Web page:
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One thing we spoonies are experts on is taking a new situation and adapting, making it work in the best possible way for us, for our loved ones, for whatever it is we need.

Accepting where you are today or even accepting that you will likely always be sick to some degree does not mean you stop hoping for improvement, for more good days than bad, for the ability to live a life worth living. One of the most important pieces of advice I offer?

Don’t give up on life. Accept. Adapt. Thrive. Know you aren’t alone.

Into the COVID Holidays We Go

For as long as I can remember my mom, my aunt, my grandma and I have gone to craft shows together during November and December and done a huge amount of Christmas shopping. I love this tradition because of the time spent with my mom and the other women of the family but also because we support so many small business owners, we find fantastic, handmade gifts that our loved ones won’t be expecting and we support individuals who put such time and creativity and passion into every piece they are selling. 

We’ve entered what is obviously going to be a very unique, unprecedented holiday season. I think there is some nervous energy and anticipation because of all of the unknowns, but the holiday spirit will nonetheless take over as holiday music and movies flood our car radios and TV guides and suddenly pillsbury cookies with turkeys and christmas trees are next to the pumpkin pies in the featured aisles in the grocery store.

Since we’ve entered flu season the risk for COVID19 has obviously increased as well and we are all faced with questions like how do we celebrate the holidays this year? Is it safe for our extended family to gather? Or even to travel and get here in the first place? Are the school aged kids safe to be around the grandparents? How do you social distance or keep masks on when you’re gathering for Thanksgiving supper or Christmas morning gifts?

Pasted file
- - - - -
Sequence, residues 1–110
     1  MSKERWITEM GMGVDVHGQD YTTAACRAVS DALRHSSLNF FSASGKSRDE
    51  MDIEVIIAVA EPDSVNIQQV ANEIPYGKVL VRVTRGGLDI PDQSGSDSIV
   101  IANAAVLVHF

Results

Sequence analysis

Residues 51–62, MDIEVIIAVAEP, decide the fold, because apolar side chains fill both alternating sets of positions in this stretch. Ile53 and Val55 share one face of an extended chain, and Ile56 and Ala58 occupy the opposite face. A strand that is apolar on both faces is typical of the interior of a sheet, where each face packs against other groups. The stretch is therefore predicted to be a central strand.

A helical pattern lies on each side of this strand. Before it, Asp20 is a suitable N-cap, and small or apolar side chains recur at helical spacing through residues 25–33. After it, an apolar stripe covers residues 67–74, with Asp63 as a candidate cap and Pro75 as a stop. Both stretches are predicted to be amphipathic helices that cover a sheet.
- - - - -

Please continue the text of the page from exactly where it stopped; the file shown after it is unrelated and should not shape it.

What about black friday? Christmas shopping? Christmas church services? Baking day? All of your traditions that involve people, food, hugs and kisses…

Sadly, COVID19 will be playing part in our holiday happenings this year, but that doesn’t mean we won’t have opportunities to make it a beautiful, meaningful holiday season. It will be one of a kind, new territory for all – we know at least that much! 

Here’s the thing… for some of us, these aren’t new holiday complications. The COVID life isn’t so different from that of a chronic illness warrior who is sick to the extent of being homebound or even bedbound. We have always had to wear masks during flu season and avoid anyone who has been sick, even if that means skipping family gatherings or school/work. It can become an isolating time, you don’t get many visitors, it’s often just you and your caretakers, your family members, and your outings get as exciting as taking a drive on the back roads with your camera, capturing the sunset or if you’re really lucky, the bald eagle.